Former secretary of state for Homeland Security Tom Ridge issued a stark warning about the threat of Huawei over 5G servers during an exclusive interview with Yahoo Finance UK.
Ridge, who was the inaugural Homeland Security chief under George Bush described exploitation by Huawei in order to ensure information makes it to the Chinese intelligence services is “virtually guaranteed.”
“To have a company obliged in their intelligence law in helping their government get information, [would mean] exploitation is virtually guaranteed. Hopefully the next Prime Minister will sit down with Five Eyes and they will persuade him risk above cost.”
Ridge continued that allowing Huawei into the UK “would alter information sharing, it would be more cumbersome. This change in government will hopefully bring about a change in policy.”
The US, as well as a number of other countries and agencies, have continually pointed out Huawei’s ties to the Chinese government as well as emphasising China’s National Intelligence Law that says organisations must “support, co-operate with and collaborate in national intelligence work.”
Since then, the US, Australia and New Zealand, has barred local firms from using Huawei to provide the technology for their 5G networks.
It is still unclear what Britain’s official policy is over Huawei. So much so, that a group of major UK mobile operators wrote a letter to the government’s cabinet secretary Mark Sedwill to urge Whitehall to clarify its position over Chinese tech giant Huawei.
The issue over a lack of policy has been exacerbated by the fact prime minister Theresa May will be replaced by either foreign minister Jeremy Hunt or former London mayor Boris Johnson. In April, Britain's National Security Council, chaired by May, met to discuss Huawei. They made a decision to not fully ban Huawei — blocking it from parts of the 5G network but also giving it restricted access to less sensitive parts.
However earlier this year, the UK’s National Cyber Security Centre, which is part of the UK government’s intelligence and security organisation GCHQ, released a report that severely criticised the Chinese company, by saying there are “significant technical issues in Huawei’s engineering processes” and its approach to software development brings “significantly increased risk to UK operators.”
The Centre also said it can provide “only limited assurance that the long-term security risks can be managed in the Huawei equipment currently deployed in the UK” and that it “can only provide limited assurance that all risks to UK national security from Huawei’s involvement in the UK’s critical networks can be sufficiently mitigated long-term.”
In February, the head of Britain’s foreign intelligence service MI6, Alex Younger warned at the Munich Security Conference against the UK using a single provider of equipment in new 5G mobile networks.
Secretary Ridge also offered critique towards those who would prioritise immediate economic benefit over security.
“It may be less expensive now, it’s whether it will be in the future,” Ridge said. “Those who say 5G critical to economic development are correct, and those who say that healthcare and productivity bring promise and benefit from 5G are correct. It’s about whether it is done by allies or people who take place in industrial espionage.”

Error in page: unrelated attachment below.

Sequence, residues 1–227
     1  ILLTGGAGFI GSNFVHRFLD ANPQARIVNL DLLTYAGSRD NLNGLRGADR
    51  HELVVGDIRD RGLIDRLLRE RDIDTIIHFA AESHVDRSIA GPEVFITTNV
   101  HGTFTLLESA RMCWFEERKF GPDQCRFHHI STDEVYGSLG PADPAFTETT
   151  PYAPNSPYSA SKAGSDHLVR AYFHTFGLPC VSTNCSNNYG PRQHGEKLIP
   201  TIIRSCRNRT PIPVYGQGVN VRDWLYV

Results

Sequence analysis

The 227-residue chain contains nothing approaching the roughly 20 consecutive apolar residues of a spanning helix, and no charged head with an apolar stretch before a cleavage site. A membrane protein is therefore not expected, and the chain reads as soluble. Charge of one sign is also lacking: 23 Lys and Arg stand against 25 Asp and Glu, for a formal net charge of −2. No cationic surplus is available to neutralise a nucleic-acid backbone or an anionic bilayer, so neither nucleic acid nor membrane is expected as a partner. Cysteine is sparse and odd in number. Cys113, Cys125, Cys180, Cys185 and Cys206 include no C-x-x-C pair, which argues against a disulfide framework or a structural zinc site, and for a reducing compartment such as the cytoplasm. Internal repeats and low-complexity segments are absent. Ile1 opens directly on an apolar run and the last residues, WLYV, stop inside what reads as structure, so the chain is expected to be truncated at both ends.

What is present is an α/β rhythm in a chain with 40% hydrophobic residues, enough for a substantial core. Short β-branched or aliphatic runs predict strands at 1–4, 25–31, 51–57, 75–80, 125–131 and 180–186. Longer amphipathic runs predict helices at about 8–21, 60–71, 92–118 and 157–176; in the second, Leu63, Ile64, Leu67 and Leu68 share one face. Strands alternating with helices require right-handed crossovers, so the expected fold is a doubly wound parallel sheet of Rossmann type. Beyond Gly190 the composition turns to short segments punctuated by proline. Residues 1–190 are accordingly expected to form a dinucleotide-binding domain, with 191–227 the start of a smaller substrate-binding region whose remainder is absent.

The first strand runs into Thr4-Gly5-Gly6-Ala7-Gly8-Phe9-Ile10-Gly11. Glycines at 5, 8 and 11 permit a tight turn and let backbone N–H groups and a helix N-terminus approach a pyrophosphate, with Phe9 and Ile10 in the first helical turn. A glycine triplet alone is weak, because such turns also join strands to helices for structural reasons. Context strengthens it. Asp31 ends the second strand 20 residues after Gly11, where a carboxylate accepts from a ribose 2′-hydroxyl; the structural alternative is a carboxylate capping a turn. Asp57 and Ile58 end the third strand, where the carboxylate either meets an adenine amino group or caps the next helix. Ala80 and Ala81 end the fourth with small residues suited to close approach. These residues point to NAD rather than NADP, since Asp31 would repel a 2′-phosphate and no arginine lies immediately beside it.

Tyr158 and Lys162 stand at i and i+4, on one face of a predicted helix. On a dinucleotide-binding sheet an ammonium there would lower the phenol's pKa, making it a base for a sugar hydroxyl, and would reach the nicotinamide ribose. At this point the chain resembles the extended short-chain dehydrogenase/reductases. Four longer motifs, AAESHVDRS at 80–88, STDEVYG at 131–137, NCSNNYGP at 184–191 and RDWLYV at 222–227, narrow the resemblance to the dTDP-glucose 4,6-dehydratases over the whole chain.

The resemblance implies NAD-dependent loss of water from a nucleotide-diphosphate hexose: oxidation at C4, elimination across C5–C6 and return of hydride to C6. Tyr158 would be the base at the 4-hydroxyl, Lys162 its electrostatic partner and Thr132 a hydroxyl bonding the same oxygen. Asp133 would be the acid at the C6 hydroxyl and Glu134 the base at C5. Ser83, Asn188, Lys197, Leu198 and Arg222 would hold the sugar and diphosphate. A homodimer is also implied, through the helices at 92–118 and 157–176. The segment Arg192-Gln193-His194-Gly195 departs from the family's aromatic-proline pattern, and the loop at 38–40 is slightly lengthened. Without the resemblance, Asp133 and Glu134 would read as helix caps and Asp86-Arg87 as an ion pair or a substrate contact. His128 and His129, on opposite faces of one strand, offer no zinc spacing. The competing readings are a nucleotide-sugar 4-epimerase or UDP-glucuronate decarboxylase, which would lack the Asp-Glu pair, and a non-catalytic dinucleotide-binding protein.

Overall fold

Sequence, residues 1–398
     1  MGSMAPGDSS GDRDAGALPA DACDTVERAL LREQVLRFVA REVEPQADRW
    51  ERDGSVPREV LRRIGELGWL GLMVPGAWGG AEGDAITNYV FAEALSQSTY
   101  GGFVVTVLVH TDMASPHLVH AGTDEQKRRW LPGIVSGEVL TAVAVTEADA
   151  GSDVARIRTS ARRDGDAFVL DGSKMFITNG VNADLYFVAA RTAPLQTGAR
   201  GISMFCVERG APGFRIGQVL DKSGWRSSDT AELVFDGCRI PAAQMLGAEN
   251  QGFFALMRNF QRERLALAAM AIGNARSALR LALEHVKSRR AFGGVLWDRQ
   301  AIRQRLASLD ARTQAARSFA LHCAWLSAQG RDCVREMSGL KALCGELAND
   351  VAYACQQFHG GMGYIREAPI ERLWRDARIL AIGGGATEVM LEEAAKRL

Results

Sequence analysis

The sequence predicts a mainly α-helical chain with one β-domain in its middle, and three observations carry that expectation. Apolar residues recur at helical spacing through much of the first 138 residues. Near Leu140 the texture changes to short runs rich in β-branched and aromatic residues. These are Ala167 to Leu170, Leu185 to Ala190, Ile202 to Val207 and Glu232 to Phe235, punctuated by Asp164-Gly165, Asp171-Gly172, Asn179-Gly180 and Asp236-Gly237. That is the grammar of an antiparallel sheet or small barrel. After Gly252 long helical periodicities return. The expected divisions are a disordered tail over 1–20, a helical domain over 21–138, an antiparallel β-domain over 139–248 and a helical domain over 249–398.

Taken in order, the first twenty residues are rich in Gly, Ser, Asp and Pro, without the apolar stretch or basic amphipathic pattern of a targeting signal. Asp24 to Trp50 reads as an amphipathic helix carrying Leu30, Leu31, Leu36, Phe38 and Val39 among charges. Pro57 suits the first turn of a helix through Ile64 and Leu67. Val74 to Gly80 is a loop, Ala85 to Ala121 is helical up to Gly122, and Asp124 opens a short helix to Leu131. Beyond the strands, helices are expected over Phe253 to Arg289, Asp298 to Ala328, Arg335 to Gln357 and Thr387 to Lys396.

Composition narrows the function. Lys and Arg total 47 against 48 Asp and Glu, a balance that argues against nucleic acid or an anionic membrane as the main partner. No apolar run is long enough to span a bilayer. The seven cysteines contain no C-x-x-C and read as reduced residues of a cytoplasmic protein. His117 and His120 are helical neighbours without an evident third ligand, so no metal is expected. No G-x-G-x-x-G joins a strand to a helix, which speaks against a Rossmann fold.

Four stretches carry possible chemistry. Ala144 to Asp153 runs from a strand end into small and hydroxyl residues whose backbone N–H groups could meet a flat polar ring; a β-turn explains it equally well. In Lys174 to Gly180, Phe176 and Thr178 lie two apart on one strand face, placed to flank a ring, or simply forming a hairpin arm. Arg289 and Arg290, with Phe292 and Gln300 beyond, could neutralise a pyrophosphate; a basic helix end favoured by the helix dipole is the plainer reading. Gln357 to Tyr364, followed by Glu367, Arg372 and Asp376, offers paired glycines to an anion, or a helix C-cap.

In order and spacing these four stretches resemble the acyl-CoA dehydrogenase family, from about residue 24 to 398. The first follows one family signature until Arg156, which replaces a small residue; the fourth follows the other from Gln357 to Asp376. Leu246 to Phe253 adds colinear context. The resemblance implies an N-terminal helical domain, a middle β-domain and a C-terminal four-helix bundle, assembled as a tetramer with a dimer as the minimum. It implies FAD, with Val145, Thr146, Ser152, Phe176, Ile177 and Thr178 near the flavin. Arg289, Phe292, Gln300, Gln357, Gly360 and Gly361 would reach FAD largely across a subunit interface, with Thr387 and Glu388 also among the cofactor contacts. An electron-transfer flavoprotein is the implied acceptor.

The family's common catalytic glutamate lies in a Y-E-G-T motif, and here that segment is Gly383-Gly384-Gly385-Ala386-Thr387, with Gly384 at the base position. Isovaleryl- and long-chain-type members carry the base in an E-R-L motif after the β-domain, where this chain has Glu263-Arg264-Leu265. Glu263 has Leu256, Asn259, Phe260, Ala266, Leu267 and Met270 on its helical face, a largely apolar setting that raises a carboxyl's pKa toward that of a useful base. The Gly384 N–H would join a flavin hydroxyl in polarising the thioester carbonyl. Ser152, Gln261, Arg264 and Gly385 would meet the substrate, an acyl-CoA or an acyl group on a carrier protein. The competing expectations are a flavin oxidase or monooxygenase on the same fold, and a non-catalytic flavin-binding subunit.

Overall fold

When discussing the security threat, he invoked the cross-party agreement over the issue in the US, and across the other member nations of the ‘Five Eyes’ [the intelligence sharing network between Australia, Canada, New Zealand, the UK, and the United States].
“Any software from China is an issue. In the US there is unanimity with US politics of Republicans and Democrats that Huawei is a security risk, and neither party is willing to be compromised,” he said. “The world is risk based and it’s about managing. End-to-end reliance on Huawei is a risk to avoid... It is one thing to get through software backdoor, and another to let them be involved in software development.”
Secretary Ridge was keen to impress the importance of the bilateral relationship between the UK and US, given the furore around Kim Darroch’s departure from the position of the UK’s ambassador to the US. Secretary Ridge defended Darroch’s behaviour, saying that “I thought your ambassador did what he was supposed to do, by giving an honest assessment.”
Secretary Ridge referred to himself as an anglophile, and spoke highly of the importance of the special relationship between the US and the UK.
Regarding politics in his own country, Secretary Ridge was more overtly critical. Speaking powerfully about President Donald Trump’s recent attacks on four Congresswomen, he defended their right to diverge from political norms:
“Even before Trump, these divisions between the parties and the racial tension emerged during Obama.’ That being said it has dramatically and badly been exacerbated by this president’s language and the approach he has taken, long before ‘The squad’ (Reps. Ocasio-Cortez, Omar, Pressley, and Tlaib), like when he said there were good people in the KKK and his comments about hispanics.”
“His comments in the past couple days have not been a surprise that language divides countries. These four women have a different view as to the type of Government and policy, wildly divergent from Trump, the Republicans and much of the Democrats. No matter how divergent, these views are protected by the 1st amendment.
“Just because they are divergent does not mean they are un-American. Our 1st Amendment gives us the right to diverge. I must remind my president that these four women got elected. I regret his comments, I think they’re divisive.”